Daily Rules, Proposed Rules, and Notices of the Federal Government
Transcripts of the public hearing will be available for review at the Division of Dockets Management and on the Internet at
A live Web cast of this public hearing may be seen at
FDA is announcing a 1-day public hearing to obtain input on certain questions related to the implementation of section 918 of the FD&C Act (21 U.S.C. 387r), as amended by the Tobacco Control Act (Pub. L. 111-31). Section 918 has two parts. Under Section 918(a), which is primarily focused on NRTs, the Secretary of the Department of Health and Human Services (the Secretary of HHS) is required to consider certain new approval mechanisms and additional indications for NRTs. Several NRTs, including nicotine-containing gums, patches, and lozenges, are already marketed for smoking cessation. Under section 918(b), a broader range of products is implicated. Section 918(b) requires that the Secretary of HHS, after consultation with recognized scientific, medical, and public health experts, submit a report to Congress examining how best to regulate, promote, and encourage the development of “innovative products and treatments (including nicotine-based and non-nicotine-based products and treatments)” to better achieve the following three goals: (1) Total abstinence from tobacco use, (2) reductions in consumption of tobacco, and (3) reductions in the harm associated with continued tobacco use. The purpose of this public hearing is to create a forum for interested stakeholders to provide input regarding FDA's fulfillment of the requirements set forth in section 918, including on the following issues, among others: (1) The use of fast-track and accelerated approval authorities for smoking-cessation products, including NRTs; (2) the potential for extended use of NRTs (beyond currently approved durations of use) for the treatment of tobacco dependence; (3) the potential for additional indications for NRTs, including for craving relief or relapse prevention; and (4) how best to regulate “innovative products and treatments” targeted at tobacco users in order to achieve abstinence from tobacco use, reductions in consumption of tobacco, and reductions in the harm associated with continued tobacco use. FDA will consider the information it obtains from the public hearing in its implementation of the requirements of section 918, including in drafting the report to Congress required by section 918(b).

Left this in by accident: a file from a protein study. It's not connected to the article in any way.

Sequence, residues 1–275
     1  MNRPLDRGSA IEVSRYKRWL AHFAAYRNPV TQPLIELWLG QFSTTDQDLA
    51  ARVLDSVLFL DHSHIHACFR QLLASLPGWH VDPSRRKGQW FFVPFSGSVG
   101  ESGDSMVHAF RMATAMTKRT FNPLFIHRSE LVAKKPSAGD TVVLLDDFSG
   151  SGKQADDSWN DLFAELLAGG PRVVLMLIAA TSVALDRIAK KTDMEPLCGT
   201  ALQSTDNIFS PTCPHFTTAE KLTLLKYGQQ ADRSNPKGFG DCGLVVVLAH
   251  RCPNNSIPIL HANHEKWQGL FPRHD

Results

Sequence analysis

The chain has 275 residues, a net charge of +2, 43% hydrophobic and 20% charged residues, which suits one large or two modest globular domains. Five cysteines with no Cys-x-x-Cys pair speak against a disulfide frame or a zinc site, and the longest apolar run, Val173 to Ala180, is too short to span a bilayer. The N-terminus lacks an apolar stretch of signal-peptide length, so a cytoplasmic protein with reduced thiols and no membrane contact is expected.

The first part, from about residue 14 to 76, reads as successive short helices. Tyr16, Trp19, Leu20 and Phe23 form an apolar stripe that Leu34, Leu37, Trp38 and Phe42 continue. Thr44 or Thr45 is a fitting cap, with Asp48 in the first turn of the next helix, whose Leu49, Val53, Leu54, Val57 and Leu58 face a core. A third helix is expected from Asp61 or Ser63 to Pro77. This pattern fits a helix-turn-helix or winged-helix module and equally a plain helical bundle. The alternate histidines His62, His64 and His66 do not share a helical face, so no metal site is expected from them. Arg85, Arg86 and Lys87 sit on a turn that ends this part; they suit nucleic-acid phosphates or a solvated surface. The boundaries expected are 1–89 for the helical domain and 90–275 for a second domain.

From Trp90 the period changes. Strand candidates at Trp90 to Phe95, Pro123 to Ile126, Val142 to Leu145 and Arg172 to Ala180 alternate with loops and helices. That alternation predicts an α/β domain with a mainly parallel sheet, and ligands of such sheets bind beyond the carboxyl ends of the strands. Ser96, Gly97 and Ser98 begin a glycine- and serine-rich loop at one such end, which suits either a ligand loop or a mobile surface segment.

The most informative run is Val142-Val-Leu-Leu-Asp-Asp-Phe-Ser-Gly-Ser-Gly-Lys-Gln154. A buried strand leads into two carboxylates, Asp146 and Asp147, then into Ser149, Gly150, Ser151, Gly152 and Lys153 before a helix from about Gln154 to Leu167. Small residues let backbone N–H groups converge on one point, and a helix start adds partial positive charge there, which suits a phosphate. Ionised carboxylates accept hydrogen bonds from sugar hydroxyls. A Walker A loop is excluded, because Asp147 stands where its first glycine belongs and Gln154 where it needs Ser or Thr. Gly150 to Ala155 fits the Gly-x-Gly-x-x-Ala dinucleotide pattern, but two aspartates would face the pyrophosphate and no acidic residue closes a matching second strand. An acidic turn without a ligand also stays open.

The purpose of this 21 CFR part 15 hearing is to receive information and comments from a broad group of stakeholders, including manufacturers, interested industry and professional organizations, the public health community, individuals affected by tobacco dependence, researchers, health care professionals, and the public, regarding implementation of section 918 of the FD&C Act. FDA is also consulting directly with other Federal agencies and third parties, as contemplated by section 918.
FDA is particularly interested in obtaining information and public comment on the issues listed in sections II.A and II.B of this document, although comments related to any issues regarding implementation of section 918 are welcome.
Fast-Track Status for Smoking-Cessation Products, Including NRTs.